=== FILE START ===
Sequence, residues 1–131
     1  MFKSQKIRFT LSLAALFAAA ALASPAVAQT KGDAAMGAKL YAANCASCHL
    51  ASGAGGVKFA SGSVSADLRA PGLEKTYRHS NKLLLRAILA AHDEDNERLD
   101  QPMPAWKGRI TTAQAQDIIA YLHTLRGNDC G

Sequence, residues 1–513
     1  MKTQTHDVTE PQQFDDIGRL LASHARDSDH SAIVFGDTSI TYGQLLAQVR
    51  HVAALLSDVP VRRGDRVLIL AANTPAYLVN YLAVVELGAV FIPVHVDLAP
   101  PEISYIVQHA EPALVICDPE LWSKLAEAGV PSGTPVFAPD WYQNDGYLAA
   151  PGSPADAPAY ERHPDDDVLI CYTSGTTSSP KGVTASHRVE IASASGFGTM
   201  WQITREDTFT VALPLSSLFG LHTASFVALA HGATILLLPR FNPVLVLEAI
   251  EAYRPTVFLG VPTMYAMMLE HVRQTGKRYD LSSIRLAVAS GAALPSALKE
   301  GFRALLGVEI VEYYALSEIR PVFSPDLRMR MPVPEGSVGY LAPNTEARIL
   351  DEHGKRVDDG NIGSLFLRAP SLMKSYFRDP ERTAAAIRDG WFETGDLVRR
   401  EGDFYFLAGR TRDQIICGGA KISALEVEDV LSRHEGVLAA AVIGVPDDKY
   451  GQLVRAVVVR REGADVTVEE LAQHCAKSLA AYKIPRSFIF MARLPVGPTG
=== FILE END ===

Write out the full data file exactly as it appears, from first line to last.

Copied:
Sequence, residues 1–131
     1  MFKSQKIRFT LSLAALFAAA ALASPAVAQT KGDAAMGAKL YAANCASCHL
    51  ASGAGGVKFA SGSVSADLRA PGLEKTYRHS NKLLLRAILA AHDEDNERLD
   101  QPMPAWKGRI TTAQAQDIIA YLHTLRGNDC G

Sequence, residues 1–513
     1  MKTQTHDVTE PQQFDDIGRL LASHARDSDH SAIVFGDTSI TYGQLLAQVR
    51  HVAALLSDVP VRRGDRVLIL AANTPAYLVN YLAVVELGAV FIPVHVDLAP
   101  PEISYIVQHA EPALVICDPE LWSKLAEAGV PSGTPVFAPD WYQNDGYLAA
   151  PGSPADAPAY ERHPDDDVLI CYTSGTTSSP KGVTASHRVE IASASGFGTM
   201  WQITREDTFT VALPLSSLFG LHTASFVALA HGATILLLPR FNPVLVLEAI
   251  EAYRPTVFLG VPTMYAMMLE HVRQTGKRYD LSSIRLAVAS GAALPSALKE
   301  GFRALLGVEI VEYYALSEIR PVFSPDLRMR MPVPEGSVGY LAPNTEARIL
   351  DEHGKRVDDG NIGSLFLRAP SLMKSYFRDP ERTAAAIRDG WFETGDLVRR
   401  EGDFYFLAGR TRDQIICGGA KISALEVEDV LSRHEGVLAA AVIGVPDDKY
   451  GQLVRAVVVR REGADVTVEE LAQHCAKSLA AYKIPRSFIF MARLPVGPTG